Members of the lab that Dr. Ahn shares with his collaborator, Kurt Hankenson, DVM, PhD. Back Row: Derek Dopkin (technician), Lorraine Mutyaba (research specialist), Michael Dischowitz (PhD candidate), Fengchang Zhu (postdoctoral fellow) Front Row: Emily Miedel (veterinarian resident), Nicole Belkin (orthopaedic surgery resident), Allison Williams (research specialist)


Published 4/1/2012
Sally T. Halderman

The Clinic–Lab–Clinic Loop in Understanding BMPs

OREF grant recipient looks for ways to enhance healing effect of BMPs

The body depends on complex biologic checks and balances, and activating one molecular pathway toward a therapeutic goal may trigger feedback loops that dampen the effect. Jaimo Ahn, MD, PhD, an orthopaedic trauma surgeon as well as a cell and molecular biologist, wondered whether a feedback loop might be one factor limiting the effectiveness of bone morphogenetic proteins (BMPs) in accelerating bone healing.

“The clinical optimization of fracture healing remains a substantial challenge to society and to surgeons treating individual patients,” said Dr. Ahn. “The discovery of BMPs led to their use to promote posttraumatic healing, but their clinical impact has been less dramatic than we hoped.

“One explanation for this disappointment may be that therapeutically administering BMPs shifts the body’s mechanisms for keeping BMP in check into high gear,” continued Dr. Ahn. “If we could fine tune that process, we might enhance the performance of therapeutic BMP or increase the healing power of the body’s own BMP.”

Dr. Ahn aims to gain insight into BMP and its regulators with a 2010 Young Investigator Grant from the Orthopaedic Research and Education Foundation (OREF). He hopes to learn whether two BMP antagonists, called noggin and sclerostin, may have potential as therapeutic targets to modulate BMP function. He theorizes that inhibiting noggin and sclerostin may increase BMP activity, enhancing its ability to speed healing.

Modulating BMP/antagonist interactions could have orthopaedic implications beyond posttraumatic healing. Monoclonal antibodies against sclerostin, also a powerful Wnt pathway inhibitor, are already under clinical investigation as a new approach to increase bone mass in osteoporosis. And the therapeutic potential could extend well beyond orthopaedics.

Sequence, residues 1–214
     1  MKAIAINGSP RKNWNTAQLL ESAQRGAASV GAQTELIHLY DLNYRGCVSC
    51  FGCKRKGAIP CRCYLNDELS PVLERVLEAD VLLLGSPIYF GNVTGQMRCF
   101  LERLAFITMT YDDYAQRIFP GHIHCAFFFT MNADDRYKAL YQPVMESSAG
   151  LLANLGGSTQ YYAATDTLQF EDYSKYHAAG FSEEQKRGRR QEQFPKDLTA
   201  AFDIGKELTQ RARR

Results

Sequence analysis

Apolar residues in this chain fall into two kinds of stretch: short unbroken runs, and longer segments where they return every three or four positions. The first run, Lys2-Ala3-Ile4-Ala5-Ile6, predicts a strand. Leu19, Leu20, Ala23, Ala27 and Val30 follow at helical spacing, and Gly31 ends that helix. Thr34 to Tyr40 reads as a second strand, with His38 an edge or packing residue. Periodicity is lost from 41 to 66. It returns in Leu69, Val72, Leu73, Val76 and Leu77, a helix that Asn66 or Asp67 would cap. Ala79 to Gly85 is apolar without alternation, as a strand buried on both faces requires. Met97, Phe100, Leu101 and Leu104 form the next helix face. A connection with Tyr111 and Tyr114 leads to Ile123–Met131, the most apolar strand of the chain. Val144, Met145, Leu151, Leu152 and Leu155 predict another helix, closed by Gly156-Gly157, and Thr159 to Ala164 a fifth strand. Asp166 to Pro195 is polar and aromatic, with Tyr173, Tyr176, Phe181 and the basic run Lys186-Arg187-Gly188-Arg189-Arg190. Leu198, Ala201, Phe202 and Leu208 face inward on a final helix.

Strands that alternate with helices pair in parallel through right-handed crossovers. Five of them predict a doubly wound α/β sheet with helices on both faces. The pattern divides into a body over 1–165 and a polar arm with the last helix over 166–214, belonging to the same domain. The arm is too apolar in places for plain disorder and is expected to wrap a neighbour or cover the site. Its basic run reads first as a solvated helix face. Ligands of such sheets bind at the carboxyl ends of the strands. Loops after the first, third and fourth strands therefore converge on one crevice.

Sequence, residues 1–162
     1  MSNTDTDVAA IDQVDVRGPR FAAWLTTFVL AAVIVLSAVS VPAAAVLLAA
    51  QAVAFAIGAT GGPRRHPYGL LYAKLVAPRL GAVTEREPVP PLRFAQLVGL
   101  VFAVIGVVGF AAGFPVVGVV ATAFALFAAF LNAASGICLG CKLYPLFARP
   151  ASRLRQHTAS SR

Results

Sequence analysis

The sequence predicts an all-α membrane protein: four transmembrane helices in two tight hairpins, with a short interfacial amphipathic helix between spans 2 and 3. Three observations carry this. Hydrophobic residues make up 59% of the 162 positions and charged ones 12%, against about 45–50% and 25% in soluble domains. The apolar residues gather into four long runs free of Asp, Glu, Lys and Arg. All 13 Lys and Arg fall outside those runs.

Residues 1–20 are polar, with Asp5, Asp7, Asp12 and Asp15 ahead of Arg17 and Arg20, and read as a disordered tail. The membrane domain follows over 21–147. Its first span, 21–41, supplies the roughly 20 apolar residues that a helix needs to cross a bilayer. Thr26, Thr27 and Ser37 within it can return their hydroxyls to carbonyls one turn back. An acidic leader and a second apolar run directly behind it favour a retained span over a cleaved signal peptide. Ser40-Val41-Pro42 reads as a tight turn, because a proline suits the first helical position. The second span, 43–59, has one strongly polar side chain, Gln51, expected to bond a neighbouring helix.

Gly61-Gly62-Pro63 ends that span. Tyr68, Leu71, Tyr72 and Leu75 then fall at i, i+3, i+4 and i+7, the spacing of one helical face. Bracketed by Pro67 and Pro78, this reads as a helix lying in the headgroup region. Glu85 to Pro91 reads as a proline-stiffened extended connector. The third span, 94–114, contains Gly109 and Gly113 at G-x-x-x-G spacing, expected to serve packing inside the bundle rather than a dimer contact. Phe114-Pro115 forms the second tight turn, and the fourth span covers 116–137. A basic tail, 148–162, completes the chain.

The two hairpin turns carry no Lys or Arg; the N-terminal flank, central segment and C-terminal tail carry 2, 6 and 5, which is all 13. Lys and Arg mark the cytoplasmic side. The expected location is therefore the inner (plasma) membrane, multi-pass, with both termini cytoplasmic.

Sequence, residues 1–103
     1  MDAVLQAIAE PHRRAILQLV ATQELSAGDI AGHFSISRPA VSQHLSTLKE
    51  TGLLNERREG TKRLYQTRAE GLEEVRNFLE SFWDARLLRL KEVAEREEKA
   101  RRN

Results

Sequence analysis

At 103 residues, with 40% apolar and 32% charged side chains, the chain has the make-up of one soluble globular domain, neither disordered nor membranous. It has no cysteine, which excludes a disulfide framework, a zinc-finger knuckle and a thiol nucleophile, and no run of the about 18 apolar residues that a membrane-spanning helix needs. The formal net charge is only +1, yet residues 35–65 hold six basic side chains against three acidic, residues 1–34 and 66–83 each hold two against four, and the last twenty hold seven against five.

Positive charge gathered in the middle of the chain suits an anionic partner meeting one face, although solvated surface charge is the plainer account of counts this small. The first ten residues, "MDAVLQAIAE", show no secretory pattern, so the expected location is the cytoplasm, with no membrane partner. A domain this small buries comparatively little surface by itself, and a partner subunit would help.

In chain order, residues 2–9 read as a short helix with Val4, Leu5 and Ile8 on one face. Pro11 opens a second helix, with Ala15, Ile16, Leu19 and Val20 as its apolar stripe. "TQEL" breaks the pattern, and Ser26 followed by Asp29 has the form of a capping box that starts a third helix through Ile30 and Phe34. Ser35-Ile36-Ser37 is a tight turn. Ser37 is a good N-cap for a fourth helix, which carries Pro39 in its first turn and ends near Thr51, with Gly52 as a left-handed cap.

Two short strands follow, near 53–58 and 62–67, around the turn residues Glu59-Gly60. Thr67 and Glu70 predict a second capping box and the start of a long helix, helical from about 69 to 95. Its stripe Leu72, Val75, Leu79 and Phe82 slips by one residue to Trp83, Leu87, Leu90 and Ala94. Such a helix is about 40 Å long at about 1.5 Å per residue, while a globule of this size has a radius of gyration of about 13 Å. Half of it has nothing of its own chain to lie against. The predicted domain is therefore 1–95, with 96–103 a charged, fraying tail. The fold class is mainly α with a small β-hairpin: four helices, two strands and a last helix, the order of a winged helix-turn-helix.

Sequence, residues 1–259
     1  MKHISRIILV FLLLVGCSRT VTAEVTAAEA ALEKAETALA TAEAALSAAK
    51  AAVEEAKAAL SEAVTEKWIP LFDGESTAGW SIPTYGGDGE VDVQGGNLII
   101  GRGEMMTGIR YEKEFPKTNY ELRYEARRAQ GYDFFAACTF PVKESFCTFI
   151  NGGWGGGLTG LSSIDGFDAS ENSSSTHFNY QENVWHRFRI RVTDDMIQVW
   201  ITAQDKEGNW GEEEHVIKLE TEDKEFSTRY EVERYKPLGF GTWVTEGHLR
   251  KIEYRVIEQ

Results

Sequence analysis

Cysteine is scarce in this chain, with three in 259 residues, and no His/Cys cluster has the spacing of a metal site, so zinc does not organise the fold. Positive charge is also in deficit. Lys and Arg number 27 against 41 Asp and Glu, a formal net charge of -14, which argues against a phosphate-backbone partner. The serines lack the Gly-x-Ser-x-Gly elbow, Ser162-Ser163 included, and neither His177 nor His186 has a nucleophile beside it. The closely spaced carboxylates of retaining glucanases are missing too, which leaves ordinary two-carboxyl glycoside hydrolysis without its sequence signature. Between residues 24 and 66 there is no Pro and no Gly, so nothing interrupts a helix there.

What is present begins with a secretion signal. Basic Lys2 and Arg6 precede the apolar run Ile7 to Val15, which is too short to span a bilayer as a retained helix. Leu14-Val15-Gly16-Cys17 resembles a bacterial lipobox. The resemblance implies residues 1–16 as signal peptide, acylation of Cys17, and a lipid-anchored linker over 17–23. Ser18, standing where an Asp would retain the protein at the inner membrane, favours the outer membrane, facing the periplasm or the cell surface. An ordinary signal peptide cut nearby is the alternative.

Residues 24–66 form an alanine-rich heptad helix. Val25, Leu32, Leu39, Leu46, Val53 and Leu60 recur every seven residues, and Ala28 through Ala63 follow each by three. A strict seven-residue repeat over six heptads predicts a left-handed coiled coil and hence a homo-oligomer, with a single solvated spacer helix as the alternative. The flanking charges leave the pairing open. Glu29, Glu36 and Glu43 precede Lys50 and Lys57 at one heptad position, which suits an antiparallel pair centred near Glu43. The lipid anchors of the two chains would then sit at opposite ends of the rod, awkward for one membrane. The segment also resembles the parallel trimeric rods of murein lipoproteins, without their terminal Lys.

Although BMPs were first discovered as a result of their ability to stimulate bone growth, they’re now recognized as part of a larger class of growth factors that determine a wide range of cellular functions throughout the body. BMPs are involved in growth and development in the cardiovascular system, the gastrointestinal lining, and lung and liver tissue. Evidence that BMPs may play multiple roles in human diseases—including primary pulmonary hypertension and colon and esophageal cancers—also exists.

Turning observations into questions
“I’m trying to find a molecular feedback loop in the lab, and as a clinician scientist, I’m trying to establish a professional feedback loop between the lab and the clinic,” Dr. Ahn said. “With a certain depth of basic science knowledge, orthopaedic surgeons can make observations in patient care that can be translated into scientific questions. These questions can be taken back to the laboratory, and the answers found in the lab can be applied to refine care and improve outcomes.”

Dr. Ahn’s OREF-funded project aims to fill gaps in understanding how BMP and its molecular regulators interact in a mouse model of bone healing.